Chuck, your idea is good, but I thought vasectomies were already widely available. Apparently they aren't very popular with the men who would benefit from them most. It's another aspect of the actions being divorced from the consequences for men. Oh, why didn't the Creator figure out a way to physically burden the man for 19 years or so when he conceives a child? Seems He didn't think it through completely. God must be a He!!

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Offline milomorris

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Re: Hey Congress! Focus on Jobs, Not on Us!
« Reply #7 on: October 20, 2011, 12:27:45 pm »
not on prohibiting health insurers from providing coverage for therapeutic abortions to women.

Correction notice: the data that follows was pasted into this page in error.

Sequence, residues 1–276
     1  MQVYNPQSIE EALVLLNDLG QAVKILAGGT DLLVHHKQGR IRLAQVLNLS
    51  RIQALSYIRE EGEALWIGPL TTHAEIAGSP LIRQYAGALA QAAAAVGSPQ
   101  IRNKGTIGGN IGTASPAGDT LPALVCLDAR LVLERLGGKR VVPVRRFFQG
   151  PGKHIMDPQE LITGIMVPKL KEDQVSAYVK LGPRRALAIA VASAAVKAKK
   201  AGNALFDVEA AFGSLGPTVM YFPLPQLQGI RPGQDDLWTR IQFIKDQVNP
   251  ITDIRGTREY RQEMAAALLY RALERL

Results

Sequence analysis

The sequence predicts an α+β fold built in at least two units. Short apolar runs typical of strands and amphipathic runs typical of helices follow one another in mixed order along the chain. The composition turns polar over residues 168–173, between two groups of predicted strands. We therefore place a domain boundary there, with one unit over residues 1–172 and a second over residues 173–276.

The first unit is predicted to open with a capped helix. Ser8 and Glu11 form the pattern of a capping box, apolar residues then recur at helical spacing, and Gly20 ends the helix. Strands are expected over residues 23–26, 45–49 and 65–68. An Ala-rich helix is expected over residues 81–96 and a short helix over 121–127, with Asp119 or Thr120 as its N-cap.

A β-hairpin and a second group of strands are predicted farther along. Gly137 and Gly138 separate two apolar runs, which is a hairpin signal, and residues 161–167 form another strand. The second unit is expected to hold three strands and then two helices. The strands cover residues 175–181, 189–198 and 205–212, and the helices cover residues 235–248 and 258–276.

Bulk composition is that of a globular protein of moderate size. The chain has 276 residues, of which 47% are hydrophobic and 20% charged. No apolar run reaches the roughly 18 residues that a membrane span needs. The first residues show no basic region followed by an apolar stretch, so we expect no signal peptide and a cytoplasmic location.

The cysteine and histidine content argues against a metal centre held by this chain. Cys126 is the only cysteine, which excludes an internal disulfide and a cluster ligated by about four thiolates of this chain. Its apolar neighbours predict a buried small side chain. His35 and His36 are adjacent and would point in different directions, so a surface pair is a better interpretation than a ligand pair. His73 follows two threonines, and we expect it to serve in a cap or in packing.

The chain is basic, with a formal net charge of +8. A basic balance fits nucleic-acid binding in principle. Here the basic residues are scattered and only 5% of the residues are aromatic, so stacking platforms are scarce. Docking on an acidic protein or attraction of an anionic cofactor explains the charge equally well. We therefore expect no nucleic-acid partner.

The government is not prohibiting insurers from doing anything. The idea is to withhold federal funding from abortion practitioners. The insurers can fund whomever they please. The practitioners can still get state funding where allowed, and private funding. So to say that poor women will no longer have access to abortion is factually incorrect.

Congress is not interested controlling the sexual behavior of poor women, they just want to make sure that our federal tax dollars aren't involved in the abortion process.
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Offline Monika

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Re: Hey Congress! Focus on Jobs, Not on Us!
« Reply #8 on: October 20, 2011, 12:30:30 pm »